A simple, fair tenant bill
Legislation that would ban landlords from arbitrarily eliminating services or restricting access to common space in residential units is likely to get seven votes at the Board of Supervisors June 6th. It’s also likely to get a mayoral veto. So tenant advocates ought to be putting the pressure on Sup. Bevan Dufty, who is one of the mayor’s allies – but is also in a district where a majority of the voters are renters.
The bill, by Sup. Ross Mirkarimi, would end what some tenants say is a growing practice: Landlords suddenly take away parking spaces, access to laundry facilities, or the use of storage space, in the hope that it will drive out tenants who are protected by rent control. The current law forbids evictions without “just cause” – but that provision apparently doesn’t apply to anything other than the actual place where a tenant lives.
There are all sorts of opportunities for abuse here: A landlord could evict a tenant from his or her parking or storage space, then offer to rent it back at a high price. Or those sorts of amenities could be doled out to tenants who never complain about living conditions, and withheld from tenants who try to exercise their rights. Or – most likely – a landlord desperate to get rid of a tenants who is paying below-market rent could take away every possible amenity until that tenant gives up and moves away, allowing the landlord to raise the rent for the next tenant.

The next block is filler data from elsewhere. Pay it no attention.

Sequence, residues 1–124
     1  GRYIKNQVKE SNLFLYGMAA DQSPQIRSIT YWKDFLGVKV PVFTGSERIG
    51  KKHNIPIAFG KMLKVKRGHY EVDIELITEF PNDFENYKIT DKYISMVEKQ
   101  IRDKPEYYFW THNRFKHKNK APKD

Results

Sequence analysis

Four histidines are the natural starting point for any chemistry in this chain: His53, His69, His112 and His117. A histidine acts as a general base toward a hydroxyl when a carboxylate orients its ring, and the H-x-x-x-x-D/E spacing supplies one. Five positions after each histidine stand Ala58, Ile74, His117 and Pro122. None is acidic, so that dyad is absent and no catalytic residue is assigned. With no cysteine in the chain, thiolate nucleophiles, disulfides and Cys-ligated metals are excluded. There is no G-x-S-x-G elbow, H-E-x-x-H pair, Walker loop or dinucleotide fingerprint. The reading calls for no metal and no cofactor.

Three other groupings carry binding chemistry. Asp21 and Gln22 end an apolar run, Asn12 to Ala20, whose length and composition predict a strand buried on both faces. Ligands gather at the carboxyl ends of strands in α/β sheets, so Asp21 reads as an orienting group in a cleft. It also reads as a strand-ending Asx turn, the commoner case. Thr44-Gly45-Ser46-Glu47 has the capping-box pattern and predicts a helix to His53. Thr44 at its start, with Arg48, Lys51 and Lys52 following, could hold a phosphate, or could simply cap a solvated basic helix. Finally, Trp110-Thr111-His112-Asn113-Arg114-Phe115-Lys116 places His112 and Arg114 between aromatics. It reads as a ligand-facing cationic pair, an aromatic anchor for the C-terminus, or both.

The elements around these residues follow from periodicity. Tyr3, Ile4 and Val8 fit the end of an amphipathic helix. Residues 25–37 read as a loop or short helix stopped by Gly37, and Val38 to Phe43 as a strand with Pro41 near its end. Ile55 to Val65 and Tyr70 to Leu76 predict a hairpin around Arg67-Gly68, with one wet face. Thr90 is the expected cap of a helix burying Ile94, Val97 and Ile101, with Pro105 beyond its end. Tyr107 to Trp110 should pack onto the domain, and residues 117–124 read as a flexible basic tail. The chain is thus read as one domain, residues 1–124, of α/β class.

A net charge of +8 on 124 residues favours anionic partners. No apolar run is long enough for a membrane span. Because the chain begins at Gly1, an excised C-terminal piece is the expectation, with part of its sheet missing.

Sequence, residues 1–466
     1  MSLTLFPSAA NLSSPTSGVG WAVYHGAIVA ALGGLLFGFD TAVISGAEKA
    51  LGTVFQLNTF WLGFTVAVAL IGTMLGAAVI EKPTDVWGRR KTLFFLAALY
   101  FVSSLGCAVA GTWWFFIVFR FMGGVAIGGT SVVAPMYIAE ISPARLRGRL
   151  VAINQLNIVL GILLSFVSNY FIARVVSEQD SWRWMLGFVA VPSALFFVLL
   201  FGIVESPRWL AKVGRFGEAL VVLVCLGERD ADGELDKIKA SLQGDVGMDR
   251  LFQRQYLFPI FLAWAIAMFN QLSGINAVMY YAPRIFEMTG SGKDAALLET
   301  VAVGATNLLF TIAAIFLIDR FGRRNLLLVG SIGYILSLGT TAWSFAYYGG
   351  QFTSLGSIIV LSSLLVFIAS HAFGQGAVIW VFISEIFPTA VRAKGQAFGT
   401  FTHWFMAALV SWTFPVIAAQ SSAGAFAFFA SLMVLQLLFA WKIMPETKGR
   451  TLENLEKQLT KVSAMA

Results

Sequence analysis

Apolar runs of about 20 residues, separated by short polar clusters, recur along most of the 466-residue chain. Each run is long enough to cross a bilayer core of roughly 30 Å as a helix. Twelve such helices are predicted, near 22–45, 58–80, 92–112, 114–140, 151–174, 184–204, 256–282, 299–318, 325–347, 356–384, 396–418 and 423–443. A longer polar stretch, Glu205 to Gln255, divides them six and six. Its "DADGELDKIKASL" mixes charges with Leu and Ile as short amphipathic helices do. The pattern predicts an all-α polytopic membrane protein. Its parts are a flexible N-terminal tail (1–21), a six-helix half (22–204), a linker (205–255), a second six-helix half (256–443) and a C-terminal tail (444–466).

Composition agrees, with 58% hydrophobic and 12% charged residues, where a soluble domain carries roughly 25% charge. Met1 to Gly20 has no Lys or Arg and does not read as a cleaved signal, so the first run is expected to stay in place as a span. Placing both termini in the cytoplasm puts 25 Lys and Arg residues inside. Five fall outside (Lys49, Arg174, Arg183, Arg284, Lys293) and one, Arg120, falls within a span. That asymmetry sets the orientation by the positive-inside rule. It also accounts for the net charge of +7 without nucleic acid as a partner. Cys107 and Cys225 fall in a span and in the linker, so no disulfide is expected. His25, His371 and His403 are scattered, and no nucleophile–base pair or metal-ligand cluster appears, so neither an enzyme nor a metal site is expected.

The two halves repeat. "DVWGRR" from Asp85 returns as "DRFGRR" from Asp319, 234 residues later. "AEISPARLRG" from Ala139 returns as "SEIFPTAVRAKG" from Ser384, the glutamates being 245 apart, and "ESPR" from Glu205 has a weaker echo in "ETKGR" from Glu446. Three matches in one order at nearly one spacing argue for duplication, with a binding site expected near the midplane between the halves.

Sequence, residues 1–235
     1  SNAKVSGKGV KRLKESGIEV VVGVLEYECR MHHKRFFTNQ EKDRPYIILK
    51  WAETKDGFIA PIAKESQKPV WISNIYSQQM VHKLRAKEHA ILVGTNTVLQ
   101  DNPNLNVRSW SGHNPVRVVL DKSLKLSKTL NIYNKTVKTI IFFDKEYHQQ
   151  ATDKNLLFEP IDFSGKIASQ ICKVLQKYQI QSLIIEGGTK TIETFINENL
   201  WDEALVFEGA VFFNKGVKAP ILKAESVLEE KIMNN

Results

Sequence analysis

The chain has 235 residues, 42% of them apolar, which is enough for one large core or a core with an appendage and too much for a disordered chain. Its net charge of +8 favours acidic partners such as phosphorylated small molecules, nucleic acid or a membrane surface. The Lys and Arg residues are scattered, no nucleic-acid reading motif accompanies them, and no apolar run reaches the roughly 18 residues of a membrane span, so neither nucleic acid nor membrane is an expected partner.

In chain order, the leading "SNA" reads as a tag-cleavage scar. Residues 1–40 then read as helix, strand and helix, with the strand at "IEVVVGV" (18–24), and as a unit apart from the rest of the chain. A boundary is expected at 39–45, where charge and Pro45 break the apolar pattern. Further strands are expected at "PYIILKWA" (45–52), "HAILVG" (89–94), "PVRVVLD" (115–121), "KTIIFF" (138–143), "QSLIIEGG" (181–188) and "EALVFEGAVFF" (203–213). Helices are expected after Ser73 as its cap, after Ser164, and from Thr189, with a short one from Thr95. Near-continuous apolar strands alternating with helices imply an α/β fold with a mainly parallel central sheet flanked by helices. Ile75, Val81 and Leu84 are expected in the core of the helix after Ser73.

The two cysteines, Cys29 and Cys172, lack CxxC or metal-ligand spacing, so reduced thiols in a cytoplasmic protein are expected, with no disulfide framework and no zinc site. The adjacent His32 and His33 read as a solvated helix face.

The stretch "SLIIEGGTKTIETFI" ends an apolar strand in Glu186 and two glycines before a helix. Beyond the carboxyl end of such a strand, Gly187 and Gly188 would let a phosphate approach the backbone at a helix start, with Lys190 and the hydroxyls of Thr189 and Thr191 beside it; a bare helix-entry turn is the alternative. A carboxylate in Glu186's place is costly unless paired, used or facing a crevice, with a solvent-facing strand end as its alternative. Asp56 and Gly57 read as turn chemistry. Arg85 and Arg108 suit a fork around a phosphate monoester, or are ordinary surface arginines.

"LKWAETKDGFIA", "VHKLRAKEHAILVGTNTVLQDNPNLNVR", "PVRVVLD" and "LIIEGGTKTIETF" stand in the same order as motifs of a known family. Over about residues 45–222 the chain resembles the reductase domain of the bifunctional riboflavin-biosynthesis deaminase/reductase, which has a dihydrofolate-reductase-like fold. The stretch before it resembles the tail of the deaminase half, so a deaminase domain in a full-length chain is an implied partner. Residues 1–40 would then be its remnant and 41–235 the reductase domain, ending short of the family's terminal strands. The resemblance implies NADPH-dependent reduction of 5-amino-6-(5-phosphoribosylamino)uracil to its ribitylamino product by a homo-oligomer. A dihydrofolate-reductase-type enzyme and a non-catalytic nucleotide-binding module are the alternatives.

The fix is simple, and won’t cost landlords any extra money. Mirarimi’s bill is just basic fairness: If you offer a garage as part of the original rental deal, you can’t suddenly take it back without a valid reason. If you include on-site laundry facilities as part of the lease, you can’t arbitrarily lock the door to the laundry room and give only certain favored tenants a key.
Dufty is up for re-election this fall, and is almost certain to face some serious opposition from the left. With three of the mayor’s four allies – Sean Ellsernd, Michela Alioto-Pier and Finoa Ma – pretty much immovable, Dufty’s been in a position to make or break legislation by being the eighth vote to make a bill veto-proof. And since Newsom has vetoed every significant piece of tenant legislation to come before him, Dufty needs to feel the heat: Is he on the side of tenants – when it matters?
This one is a great test case: The legislation is so simple and fair, it’s hard to imagine how a reasonable landlord could oppose it. Let’s see if Dufty’s willing to stand with the tenants on one that ought to be a no-brainer. Give him a call, at 554-6968.
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